It is objected that the debtor could satisfy the debt by driving to the child's home and delivering the money owed in person without any use of an interstate method of payment. Of course, the delinquent parent would himself have had to travel interstate. More fundamentally, the law can regulate what is the norm, not the exception. A delinquent dad -- or mom --, who scorns a court order from another state, is not apt to be a person to deliver cash in person. If the debtor pays at all, it will be from a distance, a distance that must, in order to bring this statute into play, be set by residence in a state different from the child's.
 It is objected that a court order to pay child support is not commerce, that it is regulation of a fundamental familial relation. True, the court order arises from the family relation. Once in place, the order creates a debt. Like any other debt, it is a thing of value, one of millions of obligations that make up the stream of commerce subject to congressional control.
 It is objected that the statute could come into play by the child moving out of state rather than the parent doing so. This hypothetical will not support a facial challenge to the statute as it is applied in this case. But if the hypothetical is entertained, it constitutes no objection to the constitutionality of the statute. It doesn't matter whether the interstate character of the transaction is created by the parent or the child. What matters is that an obligation, already imposed by state law, comes to wear an interstate face. Then, and only then, does the CSRA intervene and forbid frustration of the obligation's satisfaction.
 It is objected that child support is peculiarly a matter within the competence of the states because support of one's children is a prime aspect of domestic relations. Undoubtedly such caution is appropriate for a federal court exercising jurisdiction based on diversity. Ankenbrandt v. Richards, 504 U.S. at 697. Here, however, we are not confronted by a case of jurisdiction based on diversity but with jurisdiction conferred by congressional employment of congressional power under the Commerce Clause. Ankenbrandt has no application. Respect for the competency of the states in matters of domestic relations is not disparaged but manifested when the states are confronted with interstate impediments to the fulfillment of domestic duties that the courts of the states have imposed, and the states find themselves, if not helpless, at least gravely impaired in pursuing the delinquent debts. See 138 Cong. Rec. H7324, H7326 (daily ed. Aug. 4, 1992) (Statement of Congressman Hyde); H.R. Rep. No. 771, 102 Cong., 2d Sess. 5 (1992); cf., U.S. General Accounting Office, Fact Sheet for Congressional Requesters: Interstate Child Support-- Mothers Report Receiving Less Support From Out-Of-State Fathers 3 (1992) (finding out-of-state fathers far more likely to fail to make child support payments than fathers who live in same state as child).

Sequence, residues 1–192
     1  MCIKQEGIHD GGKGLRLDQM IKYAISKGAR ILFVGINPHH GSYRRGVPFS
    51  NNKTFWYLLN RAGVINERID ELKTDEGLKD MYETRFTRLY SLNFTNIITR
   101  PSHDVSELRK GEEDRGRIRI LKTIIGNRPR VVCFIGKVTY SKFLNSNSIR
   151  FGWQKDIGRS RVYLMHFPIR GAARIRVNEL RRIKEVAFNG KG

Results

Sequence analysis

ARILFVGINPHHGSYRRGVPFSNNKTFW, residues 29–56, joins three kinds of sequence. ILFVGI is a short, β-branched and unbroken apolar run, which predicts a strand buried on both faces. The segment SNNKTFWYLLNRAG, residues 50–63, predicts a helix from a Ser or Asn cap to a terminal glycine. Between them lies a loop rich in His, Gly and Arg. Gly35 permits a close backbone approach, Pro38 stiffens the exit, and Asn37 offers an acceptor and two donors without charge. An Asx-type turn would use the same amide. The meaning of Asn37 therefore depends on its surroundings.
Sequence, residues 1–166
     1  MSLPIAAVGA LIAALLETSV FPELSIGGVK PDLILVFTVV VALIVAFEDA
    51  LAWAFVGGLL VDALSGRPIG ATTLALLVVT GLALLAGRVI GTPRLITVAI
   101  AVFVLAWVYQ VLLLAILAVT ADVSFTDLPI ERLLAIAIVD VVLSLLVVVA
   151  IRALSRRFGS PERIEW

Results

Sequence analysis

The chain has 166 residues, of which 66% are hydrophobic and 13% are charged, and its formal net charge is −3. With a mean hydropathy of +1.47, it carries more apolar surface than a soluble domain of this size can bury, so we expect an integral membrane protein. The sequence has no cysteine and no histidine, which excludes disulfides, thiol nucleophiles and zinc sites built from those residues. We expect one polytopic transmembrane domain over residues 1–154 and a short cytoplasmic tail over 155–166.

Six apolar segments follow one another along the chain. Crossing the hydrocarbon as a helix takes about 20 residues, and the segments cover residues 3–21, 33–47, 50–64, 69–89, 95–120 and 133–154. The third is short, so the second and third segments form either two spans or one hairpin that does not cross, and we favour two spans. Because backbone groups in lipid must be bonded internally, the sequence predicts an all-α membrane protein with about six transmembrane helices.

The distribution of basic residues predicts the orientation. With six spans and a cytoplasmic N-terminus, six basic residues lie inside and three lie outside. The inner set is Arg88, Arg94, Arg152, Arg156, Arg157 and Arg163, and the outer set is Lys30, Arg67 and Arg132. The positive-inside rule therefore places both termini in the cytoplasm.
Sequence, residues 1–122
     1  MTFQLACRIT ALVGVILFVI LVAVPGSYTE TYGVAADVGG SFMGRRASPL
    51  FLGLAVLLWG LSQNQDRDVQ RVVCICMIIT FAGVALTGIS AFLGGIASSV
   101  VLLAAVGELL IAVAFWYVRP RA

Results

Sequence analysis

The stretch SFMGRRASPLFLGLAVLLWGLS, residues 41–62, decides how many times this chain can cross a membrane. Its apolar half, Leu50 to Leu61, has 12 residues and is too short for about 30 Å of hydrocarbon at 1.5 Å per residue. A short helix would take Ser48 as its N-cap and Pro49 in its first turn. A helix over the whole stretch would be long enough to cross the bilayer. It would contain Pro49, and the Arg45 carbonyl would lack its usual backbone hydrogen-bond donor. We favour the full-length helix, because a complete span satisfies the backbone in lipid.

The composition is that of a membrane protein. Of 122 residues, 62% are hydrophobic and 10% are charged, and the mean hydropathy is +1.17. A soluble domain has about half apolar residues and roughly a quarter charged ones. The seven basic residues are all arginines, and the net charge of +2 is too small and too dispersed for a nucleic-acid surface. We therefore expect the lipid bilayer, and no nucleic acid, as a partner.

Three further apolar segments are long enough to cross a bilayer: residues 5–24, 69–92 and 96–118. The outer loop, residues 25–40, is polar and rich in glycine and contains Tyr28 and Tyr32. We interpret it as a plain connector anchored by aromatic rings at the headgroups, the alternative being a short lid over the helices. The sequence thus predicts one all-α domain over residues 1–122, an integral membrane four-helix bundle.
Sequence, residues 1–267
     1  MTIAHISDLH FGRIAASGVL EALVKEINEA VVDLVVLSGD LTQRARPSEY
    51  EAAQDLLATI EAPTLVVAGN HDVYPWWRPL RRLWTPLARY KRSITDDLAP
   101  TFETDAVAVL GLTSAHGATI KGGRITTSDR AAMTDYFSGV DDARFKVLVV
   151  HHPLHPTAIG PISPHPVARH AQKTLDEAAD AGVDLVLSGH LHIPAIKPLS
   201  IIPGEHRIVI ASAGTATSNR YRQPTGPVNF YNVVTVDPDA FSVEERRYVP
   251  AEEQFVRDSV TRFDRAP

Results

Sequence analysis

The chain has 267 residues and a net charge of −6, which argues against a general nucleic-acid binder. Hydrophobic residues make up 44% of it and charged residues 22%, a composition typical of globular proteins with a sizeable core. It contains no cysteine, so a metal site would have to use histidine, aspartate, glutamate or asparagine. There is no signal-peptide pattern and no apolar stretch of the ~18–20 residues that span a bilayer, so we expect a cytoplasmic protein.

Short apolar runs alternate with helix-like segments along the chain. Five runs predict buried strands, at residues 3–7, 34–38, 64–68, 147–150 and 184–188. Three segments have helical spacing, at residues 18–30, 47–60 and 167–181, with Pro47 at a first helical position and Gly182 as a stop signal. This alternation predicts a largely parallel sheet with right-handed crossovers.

The district court thought that in the interest of federalism and comity Congress should not criminalize behavior that some states had left uncriminalized. Such a consideration may properly be taken into account by a legislature. There is no doubt that Congress, in furtherance of its control of an interstate activity, may criminalize what a state has left without criminal sanction, e.g., drug laws. See e.g., United States v. Rosenburg, 515 F.2d 190, 198 (9th Cir. 1975). Comity may also, on occasion, indicate that a federal court enforcing the CSRA stay its hand until a state court has interpreted a support order. Such a possibility does not make the statute unconstitutional.
  It was suggested by the district court that the CSRA trenched on the powers reserved by the Tenth Amendment. If, however, Congress acts under one of its enumerated powers -- here its power under the Commerce Clause -- there can be no violation of the Tenth Amendment. New York v. United States, 504 U.S. 144, 156 (1992). Article I and the Tenth Amendment do not contradict but complement each other, fitting together like two concave surfaces to make a constitutional whole.
  The district court carefully discharged its duty to examine the legislation challenged for its constitutional foundation and came to a conclusion that was neither hasty nor unreasonable. Benefitting from further briefing and the maturing of the arguments, we find the constitutional objections unavailing and are bolstered in our judgment by the convergence of our reasoning with that of the Second Circuit. United States v. Sage, _______ F.3d _______, 1996 W.L. 450640 (2d Cir. 1996).
 Accordingly, the judgments of the district court are REVERSED, and the cases REMANDED for trial.
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 *fn* The Honorable David Warner Hagen, United States District Judge for the District of Nevada, sitting by designation.
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1996.C09.677 This case has been republished on the DadsNow website with the written permission of VersusLaw